Savusavu is known as "the hidden paradise of Fiji."
Savusavu is located on Fiji's northern island of Vanua Levu. It can be reached by plane from Nadi (one hour) or by ferry from Suva or Lautoka (approx 12-hour trip).
It's famous for its hot springs, located mostly opposite the Hot Springs Hotel – although at low tide you can see the steam from numerous smaller outlets all along the foreshore. In late 19th century these hot springs for a period of two months turned into 12 – 18 m tall geysers.
The old Copra Shed Marina, build in the 19th century, is a major landmark in Savusavu. Renovated in recent years by geologist and Savusavu resident Geoff Taylor, it now houses the Savusavu Yacht Club. Fiji Air offices, Pacific Sun reservations (Formerly Sun Air) offices, a chandlery shop, a geologist's office, a gift shop, travel agency and two rental apartments. There are also moorings for yachts, along with shower and toilet facilities.
Another significant landmark is the Savarekareka Mission, 10 kilometres north of Savusavu. The chapel, the first Roman Catholic mission on Vanua Levu, was built around 1870 and is still functioning.
Savusavu was originally established as a trading centre for sandalwood, beche-de-mer and copra, and is the site of a major copra mill. Tourism is growing in importance, owing to its SCUBA diving and yachting facilities.
Savusavu hosts a number of resorts, some of which have interesting specialities. Namale Resort hosts regular seminars in the Tony Robbins Life Mastery programme; the Jean Michel Cousteau Resort is one of the few 5 star resorts to offer a children's camp; Daku Resort runs a programme of learning holidays in art, yoga, singing snorkelling and birdwatching throughout the year. The birdwatching tour visits the rare silktail which is only found in the island of Vanua Levu, in a habitat about an hour and a half from Savusavu. The silktail is one of the species listed by Birdlife International as being under threat.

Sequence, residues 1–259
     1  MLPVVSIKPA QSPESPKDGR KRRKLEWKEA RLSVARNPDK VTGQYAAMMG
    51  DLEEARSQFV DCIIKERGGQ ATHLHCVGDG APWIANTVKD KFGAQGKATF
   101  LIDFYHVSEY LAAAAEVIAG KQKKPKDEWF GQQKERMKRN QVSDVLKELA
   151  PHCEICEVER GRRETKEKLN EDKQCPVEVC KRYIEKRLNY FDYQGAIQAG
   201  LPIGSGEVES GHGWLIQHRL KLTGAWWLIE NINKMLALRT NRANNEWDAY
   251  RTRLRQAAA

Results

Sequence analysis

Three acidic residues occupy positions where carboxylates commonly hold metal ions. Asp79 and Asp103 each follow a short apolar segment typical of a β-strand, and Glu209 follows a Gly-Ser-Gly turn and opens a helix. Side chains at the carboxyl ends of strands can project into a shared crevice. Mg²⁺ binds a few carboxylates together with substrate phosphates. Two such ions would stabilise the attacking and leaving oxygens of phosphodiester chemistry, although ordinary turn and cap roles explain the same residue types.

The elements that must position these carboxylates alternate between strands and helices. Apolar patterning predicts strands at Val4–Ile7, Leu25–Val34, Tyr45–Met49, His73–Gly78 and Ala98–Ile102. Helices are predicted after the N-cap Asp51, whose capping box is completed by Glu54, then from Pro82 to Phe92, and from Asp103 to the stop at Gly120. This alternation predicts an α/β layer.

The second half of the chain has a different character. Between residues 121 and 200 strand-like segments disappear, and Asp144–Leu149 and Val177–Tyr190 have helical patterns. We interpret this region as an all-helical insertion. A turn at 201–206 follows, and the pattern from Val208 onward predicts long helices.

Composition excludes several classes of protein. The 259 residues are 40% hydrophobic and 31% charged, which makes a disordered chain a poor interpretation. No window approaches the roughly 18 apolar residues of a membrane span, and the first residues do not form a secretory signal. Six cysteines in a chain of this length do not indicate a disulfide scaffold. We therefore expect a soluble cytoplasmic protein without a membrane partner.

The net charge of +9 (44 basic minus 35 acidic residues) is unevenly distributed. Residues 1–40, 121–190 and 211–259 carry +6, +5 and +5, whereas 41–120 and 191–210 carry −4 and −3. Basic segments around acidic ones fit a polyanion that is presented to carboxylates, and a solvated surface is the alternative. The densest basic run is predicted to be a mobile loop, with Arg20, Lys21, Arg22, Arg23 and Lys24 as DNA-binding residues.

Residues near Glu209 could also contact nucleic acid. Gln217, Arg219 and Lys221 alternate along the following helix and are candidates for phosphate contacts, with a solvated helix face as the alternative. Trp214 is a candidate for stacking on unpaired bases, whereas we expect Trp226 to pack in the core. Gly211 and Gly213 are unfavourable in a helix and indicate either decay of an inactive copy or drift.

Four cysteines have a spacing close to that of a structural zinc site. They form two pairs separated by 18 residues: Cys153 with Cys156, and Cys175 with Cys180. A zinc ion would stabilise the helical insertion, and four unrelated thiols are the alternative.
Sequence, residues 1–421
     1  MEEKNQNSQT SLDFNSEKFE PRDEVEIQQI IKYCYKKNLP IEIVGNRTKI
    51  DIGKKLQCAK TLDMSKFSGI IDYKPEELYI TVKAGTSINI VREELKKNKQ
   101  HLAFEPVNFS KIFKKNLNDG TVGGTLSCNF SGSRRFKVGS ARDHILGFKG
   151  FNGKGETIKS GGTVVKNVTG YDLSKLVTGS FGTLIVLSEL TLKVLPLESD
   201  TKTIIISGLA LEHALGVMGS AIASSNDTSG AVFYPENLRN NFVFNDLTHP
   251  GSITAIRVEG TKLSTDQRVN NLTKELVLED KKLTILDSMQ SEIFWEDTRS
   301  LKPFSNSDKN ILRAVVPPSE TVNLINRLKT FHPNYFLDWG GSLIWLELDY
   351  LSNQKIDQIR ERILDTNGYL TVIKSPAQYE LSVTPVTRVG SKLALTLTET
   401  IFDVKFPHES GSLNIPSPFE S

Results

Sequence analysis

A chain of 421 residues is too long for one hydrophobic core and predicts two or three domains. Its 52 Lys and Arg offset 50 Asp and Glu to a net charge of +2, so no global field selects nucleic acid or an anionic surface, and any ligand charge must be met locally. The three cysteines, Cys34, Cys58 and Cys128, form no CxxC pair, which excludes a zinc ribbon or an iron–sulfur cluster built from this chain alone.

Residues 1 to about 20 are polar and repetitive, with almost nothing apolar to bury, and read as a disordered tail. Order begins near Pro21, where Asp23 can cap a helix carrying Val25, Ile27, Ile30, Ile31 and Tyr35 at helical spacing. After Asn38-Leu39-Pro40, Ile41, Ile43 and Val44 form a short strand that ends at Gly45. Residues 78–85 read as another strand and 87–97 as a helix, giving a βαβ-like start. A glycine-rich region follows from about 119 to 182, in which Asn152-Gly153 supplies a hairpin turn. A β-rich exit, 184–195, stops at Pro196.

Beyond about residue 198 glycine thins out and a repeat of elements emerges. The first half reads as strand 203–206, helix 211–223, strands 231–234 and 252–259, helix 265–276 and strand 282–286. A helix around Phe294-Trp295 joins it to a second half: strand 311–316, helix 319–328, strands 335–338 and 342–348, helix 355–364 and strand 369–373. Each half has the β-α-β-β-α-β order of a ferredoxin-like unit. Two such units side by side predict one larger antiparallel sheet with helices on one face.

Geothermal energy is a resource waiting to be tapped. A geological survey has found that Savusavu's hot springs could generate enough electricity to power the entire island of Vanua Levu.
Most land in Fiji is owned by native land owners – the mataqali (extended family unit). Savusavu and surrounding areas has a large amount of freehold land, much of it once used as coconut plantations. Increasingly this land has been subdivided and sold, often to expats seeking a retirement or holiday home. As a result, Savusavu is now home to a small but significant community of Americans, Australians, New Zealanders and Europeans which has helped fuel its economic development.
Incorporated as a Town in 1969, Savusavu is governed by a 9-member Town Council, elected for a three-year term. The Councillors elect a Mayor from among themselves for a one-year term, which may be renewed any number of times. Following the victory of the Savusavu Ratepayers and Citizens Party in the municipal elections held on 22 October 2005, Ram Pillay was chosen as Mayor, succeeding Peni Naulu of the Lighthouse Party.
In 2009, the Military-backed interim government dismissed all municipal governments throughout Fiji and appointed special administrators to run the urban areas. As of 2015, elected municipal government has not been restored. The special administrator of Savusavu, along with nearby Labasa, is Vijay Chand.